Krasner was also one of two Republicans to back AB160, a measure Lombardo vetoed that would have required the state to set up a process to track people who are eligible for automatic record sealing and submit requests for record sealing when applicable. She also was one of two GOP members to support AB193, a bill that prohibits a police officer from lying to a child during an interrogation.


No other Republican lawmaker voted against the majority of their party more than 25 times. Several Republicans joined Democrats on a host of bills, with 10 Republicans supporting the disability bill of rights (SB315), seven supporting the state-run retirement program for private sector employees (SB305) and seven supporting the bill requiring the creation of an election procedures manual for local election officials (SB54).

Republican Assembly members were less likely to buck the party line. The 14 GOP Assembly members on average went against a Republican majority around 13 times, while Republican senators toed the party line around 28 times on average.

Sen. Robin Titus (R-Wellington) was also the most likely legislator to vote against all other lawmakers. She was the only “no” vote on 15 bills this session, a dozen more than any other lawmaker.


While legislative Democrats were less likely to buck their party than Republicans, individual lawmakers cast 266 votes against measures that most Democrats backed.

Assemblywoman Shondra Summers-Armstrong (D-Las Vegas) voted against 28 bills supported by a majority of her party, the most of any Democrat. She opposed AB285 and AB330, school discipline bills that were a priority for Lombardo. Those bills had the backing of teachers and school districts, who said there was an uptick in school violence since the 2019 passage of a bill that loosened penalties for student violence in an effort to reduce the school-to-prison pipeline.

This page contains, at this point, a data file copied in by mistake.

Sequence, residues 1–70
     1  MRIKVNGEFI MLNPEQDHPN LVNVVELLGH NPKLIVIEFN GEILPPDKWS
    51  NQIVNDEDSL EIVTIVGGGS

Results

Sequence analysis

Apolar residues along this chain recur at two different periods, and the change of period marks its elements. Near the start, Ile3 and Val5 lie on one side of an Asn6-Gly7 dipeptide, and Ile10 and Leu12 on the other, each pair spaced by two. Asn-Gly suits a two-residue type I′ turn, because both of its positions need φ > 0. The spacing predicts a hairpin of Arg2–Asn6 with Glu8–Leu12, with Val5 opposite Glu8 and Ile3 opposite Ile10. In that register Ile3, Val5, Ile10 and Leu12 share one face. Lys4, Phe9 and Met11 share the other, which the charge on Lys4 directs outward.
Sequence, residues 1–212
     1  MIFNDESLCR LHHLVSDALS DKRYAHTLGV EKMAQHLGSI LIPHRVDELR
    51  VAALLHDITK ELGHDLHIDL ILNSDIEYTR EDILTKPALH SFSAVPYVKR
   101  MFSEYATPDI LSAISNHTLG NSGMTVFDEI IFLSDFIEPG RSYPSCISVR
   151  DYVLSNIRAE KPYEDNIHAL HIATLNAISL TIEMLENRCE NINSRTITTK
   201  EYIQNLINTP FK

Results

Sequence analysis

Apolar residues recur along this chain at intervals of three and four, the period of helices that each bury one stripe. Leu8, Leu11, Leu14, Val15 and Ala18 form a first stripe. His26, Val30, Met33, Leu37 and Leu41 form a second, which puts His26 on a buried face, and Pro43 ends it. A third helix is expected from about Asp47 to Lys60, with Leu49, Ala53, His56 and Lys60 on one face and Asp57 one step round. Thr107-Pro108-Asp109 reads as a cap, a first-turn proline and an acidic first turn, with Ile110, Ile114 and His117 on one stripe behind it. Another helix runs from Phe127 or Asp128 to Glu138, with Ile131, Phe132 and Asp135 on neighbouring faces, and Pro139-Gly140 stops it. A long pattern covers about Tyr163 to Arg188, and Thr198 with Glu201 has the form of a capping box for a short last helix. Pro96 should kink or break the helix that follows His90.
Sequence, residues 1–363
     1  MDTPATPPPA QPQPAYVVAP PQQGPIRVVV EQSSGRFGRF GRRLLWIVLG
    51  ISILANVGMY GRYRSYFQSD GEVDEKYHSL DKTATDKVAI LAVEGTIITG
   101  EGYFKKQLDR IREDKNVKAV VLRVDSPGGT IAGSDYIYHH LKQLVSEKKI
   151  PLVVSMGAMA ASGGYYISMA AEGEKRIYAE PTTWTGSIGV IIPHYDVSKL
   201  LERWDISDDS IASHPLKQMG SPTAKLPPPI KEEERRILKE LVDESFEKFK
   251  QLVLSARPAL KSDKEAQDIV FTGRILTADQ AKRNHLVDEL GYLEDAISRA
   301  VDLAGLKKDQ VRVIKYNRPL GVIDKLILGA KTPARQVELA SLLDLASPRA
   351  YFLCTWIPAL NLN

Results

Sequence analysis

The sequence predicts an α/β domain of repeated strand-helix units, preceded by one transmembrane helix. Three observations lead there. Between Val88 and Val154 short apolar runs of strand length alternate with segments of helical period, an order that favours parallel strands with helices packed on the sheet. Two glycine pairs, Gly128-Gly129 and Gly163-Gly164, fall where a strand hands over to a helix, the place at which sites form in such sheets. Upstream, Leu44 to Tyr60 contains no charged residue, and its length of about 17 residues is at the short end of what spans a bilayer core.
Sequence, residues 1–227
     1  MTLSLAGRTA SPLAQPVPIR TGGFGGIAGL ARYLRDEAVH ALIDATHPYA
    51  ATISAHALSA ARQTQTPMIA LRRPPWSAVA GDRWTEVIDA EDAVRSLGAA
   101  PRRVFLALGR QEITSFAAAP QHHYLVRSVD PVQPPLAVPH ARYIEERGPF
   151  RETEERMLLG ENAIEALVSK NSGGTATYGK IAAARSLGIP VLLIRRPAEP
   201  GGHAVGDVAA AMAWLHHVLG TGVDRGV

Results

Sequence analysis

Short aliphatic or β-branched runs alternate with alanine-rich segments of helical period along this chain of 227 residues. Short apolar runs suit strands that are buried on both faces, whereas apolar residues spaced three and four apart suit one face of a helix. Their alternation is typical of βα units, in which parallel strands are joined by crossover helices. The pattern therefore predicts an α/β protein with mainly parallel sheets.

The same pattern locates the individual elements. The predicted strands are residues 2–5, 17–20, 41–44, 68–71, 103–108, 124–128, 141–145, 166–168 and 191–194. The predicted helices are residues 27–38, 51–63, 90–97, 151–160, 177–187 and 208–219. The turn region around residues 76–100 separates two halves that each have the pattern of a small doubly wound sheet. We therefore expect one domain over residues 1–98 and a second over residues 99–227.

Summers-Armstrong was also one of three Democratic lawmakers to oppose SB412, Lombardo’s omnibus crime bill that was heavily amended and passed out on the final day of the session.

Assemblywoman Shondra Summers-Armstrong (D-Las Vegas) inside the Legislature on Tuesday, April 25, 2023 in Carson City. (David Calvert/The Nevada Independent)
Assemblywoman Shondra Summers-Armstrong (D-Las Vegas) inside the Legislature on Tuesday, April 25, 2023 in Carson City. (David Calvert/The Nevada Independent)

Democratic Assembly members were far more likely to toe the party line than Democratic senators. Assembly Democrats on average opposed around seven bills that the majority of their caucus backed, while Senate Democrats on average opposed four Democrat-backed bills. Five Democrats did not oppose any of those bills, including Assembly Speaker Steve Yeager (D-Las Vegas).

Twelve Democrats opposed Sen. Marilyn Dondero Loop’s (D-Las Vegas) SB441, a Lombardo priority that axed pandemic-era requirements to clean hotel rooms daily. The politically powerful Culinary Union, a key backer of Democratic politicians, opposed the legislation, while major gaming companies backed the effort.

Nine Democrats opposed SB35, which will raise the penalties for fentanyl trafficking, over concerns that the bill includes excessive criminal penalties that could punish lower-level drug users. Seven Democrats also opposed SB239, which would have legalized physician-assisted suicide in the state. Lombardo vetoed that bill.  

And two Democrats — Sens. Melanie Scheible (D-Las Vegas) and James Ohrenschall (D-Las Vegas) — opposed a Democrat-backed bill that would have criminalized fake elector schemes. Lombardo vetoed that bill, echoing concerns from the two Democratic senators that the penalties proposed in the bill, including four to 10 years imprisonment, were too severe for the crime.

Sean Golonka contributed to this report.